Trillium Book Awards Author Reading 2015

On Silence in Poems

Share |
On Silence in Poems

“To reveal all is to end the story. To conceal all is to fail to begin the story." Robert Kroetsch, The Lovely Treachery of Words.

Where is there silence within the poem? Where on the page? Emptiness? Absence? White space? Structure? What’s missing? What do you intend to be elusive? How does this balance within the context of the poem? How hard does the reader have to work? How hard do you want them to work? How does the reader negotiate certainty and possibility? How open is the poem? Will different readers take away different things from the poem? Do you want that? Is the poem compact and complete? Does the poem stand up on its own? Does it stand up in the context of a series? Is there purposeful omission? Have you pared away non-essential details? Can the reader fill in the obvious gaps by understanding the poem’s context and tone? Have you revised the poem by taking out what is not the poem? Has the poem found its own truth? Where do you take risk? Content or form? What do you commit to the poem? What is at stake? What would you write if you were to write anonymously? Where do you self-censor? Where can you go deeper? What are you afraid of saying? Where are you afraid to go?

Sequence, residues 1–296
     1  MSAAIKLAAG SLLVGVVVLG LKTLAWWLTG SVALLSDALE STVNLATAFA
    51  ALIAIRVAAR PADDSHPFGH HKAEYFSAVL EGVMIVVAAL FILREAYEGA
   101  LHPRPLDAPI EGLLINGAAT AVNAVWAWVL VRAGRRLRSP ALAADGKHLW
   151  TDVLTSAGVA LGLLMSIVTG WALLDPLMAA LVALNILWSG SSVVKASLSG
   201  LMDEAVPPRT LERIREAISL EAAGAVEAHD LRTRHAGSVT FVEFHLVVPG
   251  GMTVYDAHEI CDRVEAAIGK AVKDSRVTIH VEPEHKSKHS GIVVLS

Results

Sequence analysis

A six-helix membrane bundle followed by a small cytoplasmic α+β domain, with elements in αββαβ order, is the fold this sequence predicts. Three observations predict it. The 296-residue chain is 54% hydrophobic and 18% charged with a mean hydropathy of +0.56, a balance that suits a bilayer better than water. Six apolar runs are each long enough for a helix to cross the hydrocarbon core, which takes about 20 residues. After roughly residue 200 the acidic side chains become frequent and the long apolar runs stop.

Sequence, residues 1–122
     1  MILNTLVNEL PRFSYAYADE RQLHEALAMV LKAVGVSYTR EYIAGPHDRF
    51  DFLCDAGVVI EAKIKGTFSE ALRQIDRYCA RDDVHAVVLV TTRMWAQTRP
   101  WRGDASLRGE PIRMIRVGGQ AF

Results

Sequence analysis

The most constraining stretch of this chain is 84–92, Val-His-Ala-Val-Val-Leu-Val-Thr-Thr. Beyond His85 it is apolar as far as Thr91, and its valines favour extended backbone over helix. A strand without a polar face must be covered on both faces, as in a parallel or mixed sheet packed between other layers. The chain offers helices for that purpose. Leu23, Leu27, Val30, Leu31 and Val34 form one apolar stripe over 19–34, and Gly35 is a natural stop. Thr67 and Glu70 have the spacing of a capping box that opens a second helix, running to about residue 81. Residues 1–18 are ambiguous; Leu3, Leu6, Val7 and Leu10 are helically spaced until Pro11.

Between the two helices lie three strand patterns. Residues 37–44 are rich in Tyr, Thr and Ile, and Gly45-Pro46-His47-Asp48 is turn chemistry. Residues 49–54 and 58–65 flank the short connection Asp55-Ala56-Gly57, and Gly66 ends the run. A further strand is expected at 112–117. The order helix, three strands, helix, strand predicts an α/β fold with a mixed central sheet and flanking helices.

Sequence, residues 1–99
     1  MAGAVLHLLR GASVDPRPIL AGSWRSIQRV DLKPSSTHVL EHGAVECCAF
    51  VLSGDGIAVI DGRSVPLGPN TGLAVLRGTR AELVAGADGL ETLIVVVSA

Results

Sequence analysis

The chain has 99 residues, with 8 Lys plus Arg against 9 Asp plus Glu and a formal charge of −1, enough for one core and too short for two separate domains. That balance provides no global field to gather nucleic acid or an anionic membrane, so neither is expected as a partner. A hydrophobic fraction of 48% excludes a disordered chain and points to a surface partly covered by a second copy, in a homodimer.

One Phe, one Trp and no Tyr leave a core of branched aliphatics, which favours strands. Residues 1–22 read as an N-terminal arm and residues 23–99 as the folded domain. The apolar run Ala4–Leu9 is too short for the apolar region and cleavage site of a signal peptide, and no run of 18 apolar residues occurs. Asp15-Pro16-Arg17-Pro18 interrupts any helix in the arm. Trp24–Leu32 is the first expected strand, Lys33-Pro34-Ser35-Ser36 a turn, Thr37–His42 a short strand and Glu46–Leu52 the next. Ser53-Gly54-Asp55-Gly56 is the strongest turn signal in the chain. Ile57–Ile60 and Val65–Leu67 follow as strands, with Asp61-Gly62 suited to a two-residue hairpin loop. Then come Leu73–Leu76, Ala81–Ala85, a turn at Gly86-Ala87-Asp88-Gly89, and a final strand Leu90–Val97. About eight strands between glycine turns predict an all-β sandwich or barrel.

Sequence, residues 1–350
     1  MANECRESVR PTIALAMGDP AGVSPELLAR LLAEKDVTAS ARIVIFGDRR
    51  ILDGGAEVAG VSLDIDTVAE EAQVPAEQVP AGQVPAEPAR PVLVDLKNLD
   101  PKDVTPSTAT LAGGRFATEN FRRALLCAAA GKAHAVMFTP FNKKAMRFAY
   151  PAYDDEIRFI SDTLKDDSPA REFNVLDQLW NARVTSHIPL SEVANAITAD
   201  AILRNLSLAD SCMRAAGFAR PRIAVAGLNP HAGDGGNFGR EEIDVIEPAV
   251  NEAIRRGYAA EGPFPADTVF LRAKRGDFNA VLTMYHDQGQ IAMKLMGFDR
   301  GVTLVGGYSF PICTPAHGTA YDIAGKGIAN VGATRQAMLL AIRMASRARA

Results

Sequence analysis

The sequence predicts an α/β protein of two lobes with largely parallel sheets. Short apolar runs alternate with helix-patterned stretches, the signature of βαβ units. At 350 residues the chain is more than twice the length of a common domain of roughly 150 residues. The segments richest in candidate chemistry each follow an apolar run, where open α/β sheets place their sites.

The views expressed in the Writer-in-Residence blogs are those held by the authors and do not necessarily reflect the views of Open Book: Toronto.

Related item from our archives

Sandra Ridley

Sandra Ridley’s first full-length collection of poetry, Fallout, won the 2010 Saskatchewan Book Award for publishing, the Alfred G. Bailey prize, and was a finalist for the Ottawa Book Award. Her second book, Post-Apothecary, was short-listed for the 2012 ReLit and Archibald Lampman Awards. Also in 2012, Ridley won the international festival Of Authors’ Battle of the Bards and was featured in The University of Toronto’s Influency Salon. Twice a finalist for the Robert Kroetsch Award for innovative poetry, Ridley is the author of two chapbooks: Rest Cure, and Lift, for which she was co-recipient of the bpNichol Chapbook Award. Her latest book is The Counting House (BookThug 2013). She lives in Ottawa.

You can contact Sandra throughout the month of September with questions and comments at writer@openbooktoronto.com.

Go to Sandra Ridley’s Author Page